So what do Republicans do? They throw a little money at Medicaid, allow states to waiver out of Obamacare’s coverage standards (which Obamacare did anyway starting in 2017), and try to dress up the corpse they’re treating while the sick patient dies.

The solution to health care is to treat the cause. In England, where they have the National Health Service, patients have to wait between a few days and five weeks to see a doctor. And if they go for an ingrown toenail and decide to ask the doctor to check their prostate while they’re in the office, they need to make another appointment–one problem per visit, please. If a patient needs a procedure that’s on allocation, they have to wait. That means if a particular district has 20 knee replacements per year, and you’re number 100, you get to wait 5 years.

This is what happens when supply is limited and demand is unlimited. But the free market can’t totally handle health care either. Economics can’t account for a sick child who needs expensive treatment his parents can’t afford. Charity can’t cover 100 percent of everyone’s shortfall, so government has to get involved.

But instead of just filling the needs of those who can’t afford care, the government mandated that everyone has to buy expensive health coverage for things they don’t need. Then Republicans went in and said not everyone needs to buy expensive health coverage anymore. So the cost of care will keep rising, while the cost of health insurance will rise along with it.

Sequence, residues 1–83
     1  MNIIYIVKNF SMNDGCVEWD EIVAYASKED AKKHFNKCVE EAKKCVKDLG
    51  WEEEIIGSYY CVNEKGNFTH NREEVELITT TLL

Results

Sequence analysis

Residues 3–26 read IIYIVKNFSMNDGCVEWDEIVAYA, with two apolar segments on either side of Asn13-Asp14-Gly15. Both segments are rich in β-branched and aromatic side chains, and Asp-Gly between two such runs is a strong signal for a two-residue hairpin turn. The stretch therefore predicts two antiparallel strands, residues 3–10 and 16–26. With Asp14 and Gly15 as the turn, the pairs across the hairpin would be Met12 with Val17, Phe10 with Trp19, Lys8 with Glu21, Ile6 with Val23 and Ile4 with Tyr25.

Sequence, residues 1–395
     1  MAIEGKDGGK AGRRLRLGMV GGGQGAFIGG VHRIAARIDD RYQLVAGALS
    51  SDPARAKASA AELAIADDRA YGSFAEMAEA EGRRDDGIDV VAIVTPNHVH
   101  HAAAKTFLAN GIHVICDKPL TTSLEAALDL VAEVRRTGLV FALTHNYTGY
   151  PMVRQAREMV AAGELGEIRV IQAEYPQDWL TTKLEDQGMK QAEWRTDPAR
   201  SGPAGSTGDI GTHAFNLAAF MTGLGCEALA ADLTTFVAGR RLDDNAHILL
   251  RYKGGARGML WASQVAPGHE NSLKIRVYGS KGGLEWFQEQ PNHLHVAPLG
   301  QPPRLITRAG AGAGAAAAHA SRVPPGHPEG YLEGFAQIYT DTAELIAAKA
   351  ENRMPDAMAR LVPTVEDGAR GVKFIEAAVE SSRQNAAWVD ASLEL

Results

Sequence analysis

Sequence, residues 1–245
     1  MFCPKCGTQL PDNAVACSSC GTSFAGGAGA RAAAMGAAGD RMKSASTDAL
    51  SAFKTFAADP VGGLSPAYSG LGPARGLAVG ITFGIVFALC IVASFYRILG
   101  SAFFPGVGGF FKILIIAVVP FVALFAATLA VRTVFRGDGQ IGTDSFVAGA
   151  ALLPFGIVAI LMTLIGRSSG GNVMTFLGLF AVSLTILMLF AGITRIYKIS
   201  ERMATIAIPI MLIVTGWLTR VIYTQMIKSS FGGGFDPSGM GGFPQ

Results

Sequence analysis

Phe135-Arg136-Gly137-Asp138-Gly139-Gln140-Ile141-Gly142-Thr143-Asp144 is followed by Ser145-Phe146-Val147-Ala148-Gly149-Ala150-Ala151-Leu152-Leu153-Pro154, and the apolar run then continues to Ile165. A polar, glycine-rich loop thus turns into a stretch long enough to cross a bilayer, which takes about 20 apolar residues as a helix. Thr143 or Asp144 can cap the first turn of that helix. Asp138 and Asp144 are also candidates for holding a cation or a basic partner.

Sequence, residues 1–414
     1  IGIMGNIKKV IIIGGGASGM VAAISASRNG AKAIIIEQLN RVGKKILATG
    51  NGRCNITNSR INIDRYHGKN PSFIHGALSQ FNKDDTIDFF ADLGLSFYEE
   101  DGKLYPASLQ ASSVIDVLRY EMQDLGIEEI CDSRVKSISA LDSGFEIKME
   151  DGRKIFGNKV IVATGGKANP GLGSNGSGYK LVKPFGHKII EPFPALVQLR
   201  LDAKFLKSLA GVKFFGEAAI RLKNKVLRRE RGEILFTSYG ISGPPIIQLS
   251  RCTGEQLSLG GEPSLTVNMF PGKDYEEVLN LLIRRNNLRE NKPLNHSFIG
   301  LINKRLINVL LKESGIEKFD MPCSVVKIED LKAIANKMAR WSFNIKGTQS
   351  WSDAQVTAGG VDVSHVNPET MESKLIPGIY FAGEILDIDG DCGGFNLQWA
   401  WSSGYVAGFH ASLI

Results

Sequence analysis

The solution is to help doctors get their medical education without an enormous debt load, reduce the number and magnitude of malpractice lawsuits, and then require doctors and hospitals to give back a portion of their time and resources to help those who genuinely need care. After this, then the government can set up a universal high deductible for the uninsured, with a procedure for paying off guaranteed loans like we do with college debt.

If you don’t want insurance, you take the chance of having to pay your deductible back. At least the government would collect some of it.

Then deal with the drug manufacturers and end the gouging and ridiculous pricing.

Even if the government paid 50 percent of every doctor’s medical school tuition in exchange for 3 years of free services (given back over a career), it would be far, far cheaper than Bernie Sanders’ insane plan to guarantee everyone a free college education. And doctors have realistic skills (even bad doctors), while womyn’s study majors have no usable skills (besides teaching womyn’s studies).

Even if the government guaranteed that no drug would ever cost more than 10 percent of anyone’s monthly after-tax wages, and split the cost of that program 50/50 with drug companies, it would be far, far cheaper than funding Medicare for everyone.

I’m not saying I have “the” solution. But for God’s sake, what we’re doing is insanely wrong. This is all common sense. If doctors treated patients like our government treats health care regulation, we’d all still be blaming ethers and miasma for malaria.

The Democrats poisoned healthcare, and now the GOP is treating a corpse, while the patient dies. We should sue them for gross government malpractice. But we don’t need to, because soon many of them will be out of office.